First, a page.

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Managing risk critical for banks in a post-global financial crisis era

Arijit Das has already had varied career as a quant – from consulting, trading and investing. Two years ago he moved to the sell side to oversee model validation and model risk at a leading US bank and, here, he shares his insights on his working life

 

What was the catalyst behind your move into quantitative finance? 

During my time at business school I found interesting similarities between the concepts and frameworks used in physics to those used in quantitative finance. 

I read up further and learnt that the field of quantitative finance was indeed ‘created’ by ‘rocket scientists’ in Wall Street – physicists and mathematicians who joined Wall Street in the 60s and in the subsequent decades. That got me hooked. 

When I started working in finance, my experience with real-world applications in quantitative finance only reinforced my interest in this area and led me to my career.

 

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You have had an interesting career trajectory, why did you decide on your latest role in banking?

If there’s one thread that runs across my career trajectory, it’s been the intense use of maths and mathematical modelling in finance – be it trading and investing where I created models to profit from the markets, to my current role where I use it to identify, measure and mitigate model risk.

In my opinion, this underlies the fact that mathematics, and broadly speaking, some other highly numerate fields like physics, have a lot to offer to the industry in terms of cross-pollination of ideas, and essential skills picked up in these fields could be applied across different areas in the financial industry.

In the post-global financial crisis era, managing risk is more important than ever for all banks. What drew me to model risk, in particular, is that it not only focuses on the mathematical modelling, but also requires one to think more holistically in terms of the risks that a model can pose to a bank.            

What’s a typical day like for you? 

In my current role, a typical day is a mixed bag of various seemingly disparate but interconnected things. It involves overseeing model risk for the models that my team are working on, and liaising with colleagues globally to ensure that we continue to keep our eye on the ball for model risk, but also to see how we can prepare better for the future, eg, with the aid of emerging techniques such as artificial intelligence (AI).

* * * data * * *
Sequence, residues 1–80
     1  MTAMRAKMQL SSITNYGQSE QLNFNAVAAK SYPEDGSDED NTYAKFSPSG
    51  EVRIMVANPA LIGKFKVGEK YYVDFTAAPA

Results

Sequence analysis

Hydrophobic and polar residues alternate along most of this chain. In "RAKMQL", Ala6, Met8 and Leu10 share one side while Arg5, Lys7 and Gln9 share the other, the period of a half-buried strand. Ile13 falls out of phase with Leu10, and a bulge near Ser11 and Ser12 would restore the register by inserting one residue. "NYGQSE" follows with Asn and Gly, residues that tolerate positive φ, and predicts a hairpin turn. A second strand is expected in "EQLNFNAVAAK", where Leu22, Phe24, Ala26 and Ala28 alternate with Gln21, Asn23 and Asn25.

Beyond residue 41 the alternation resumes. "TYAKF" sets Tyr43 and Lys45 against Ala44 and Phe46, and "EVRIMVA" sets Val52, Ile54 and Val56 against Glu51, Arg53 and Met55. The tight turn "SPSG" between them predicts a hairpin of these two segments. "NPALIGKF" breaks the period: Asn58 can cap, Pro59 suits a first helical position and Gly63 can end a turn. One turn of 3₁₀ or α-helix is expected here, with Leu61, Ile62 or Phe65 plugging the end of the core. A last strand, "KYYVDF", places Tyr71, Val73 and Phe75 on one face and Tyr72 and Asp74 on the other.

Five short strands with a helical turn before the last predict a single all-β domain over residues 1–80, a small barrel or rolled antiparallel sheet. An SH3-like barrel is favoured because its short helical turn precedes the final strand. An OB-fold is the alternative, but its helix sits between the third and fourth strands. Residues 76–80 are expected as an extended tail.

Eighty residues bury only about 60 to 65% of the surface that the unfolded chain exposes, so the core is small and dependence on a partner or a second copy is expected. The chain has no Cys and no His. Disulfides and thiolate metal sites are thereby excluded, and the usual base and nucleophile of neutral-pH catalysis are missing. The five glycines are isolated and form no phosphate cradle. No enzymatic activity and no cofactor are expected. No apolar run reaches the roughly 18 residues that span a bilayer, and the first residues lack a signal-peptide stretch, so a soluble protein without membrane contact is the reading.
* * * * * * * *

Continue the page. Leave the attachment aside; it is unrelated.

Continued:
It also involves hiring top talent from the industry and internal talent development – ensuring that my team is abreast of the latest quantitative techniques.

What in particular is interesting about AI?

The use of AI across various industries, including finance, has been growing over the last few years. With increasing digitisation there is a flood of alternative data that is getting created. 

On the other hand, computing power has been increasing at a fast pace over the last several decades. The combination of these two makes AI powerful and all industries will want to leverage on AI to make smarter analytical decisions.

What do you enjoy and dislike most about your work as a quant? 

“God gave all the easy problems to the physicists” is a famous quote by noted American sociologist James March. The reason why I am quoting it here is because I think it captures my thoughts when it comes to thinking about what I think most quants find challenging in their role as a quant. 

Quants often like to deal with a ‘clean, well-defined problem which they capture in the form of equations. The real world we live in and the businesses we deal with are, unfortunately, far too complex to be captured in simpler equations. 

Quants often find this challenging. There’s not much they can do about it and yet they need to grapple with it every day. However, on the brighter side, I like that as a quant working in my industry I get a lot of flexibility to use the latest emerging technologies and techniques, unlike say an academic with similar training in handling ‘clean’ problems in academia. 

What in your opinion are the skillsets that are required to be successful in quantitative finance? 

It is essential that one is proficient in the troika of mathematics, programming and finance to pursue a career in quantitative finance. However, we deal with people and not machines, so it is an equally important skill to be able to articulate complex ideas to a wider audience in order to be successful in this area. 

You previously earned the Certificate in Quantitative Finance (CQF). Where did the CQF add value in your career path?

The CQF has been immensely instrumental in my career path. While I was equipped with mathematics, programming and finance skills through my university training in physics and finance, the CQF has some of the world’s best practitioners within its faculty who provided the perfect learning opportunity to thread together all these different areas. 

What I found most appealing about the CQF is its focus on continuous learning and constantly evolving syllabus to incorporate the latest techniques to fit the needs of the industry.

How important is continuous learning for you to achieve your career goals? 

Professionally, I believe, we inhabit a world which is not only ever changing but also one, where the pace of change has accelerated over the past few decades, aided by advances in technology. Continuous learning is essential to ensure that our skills are relevant to the world of today and continue to remain so in the one we’ll inhabit tomorrow. 

 

  • Arijit Das is the Head of Model Validation & Model Risk, India at a leading US bank.

 

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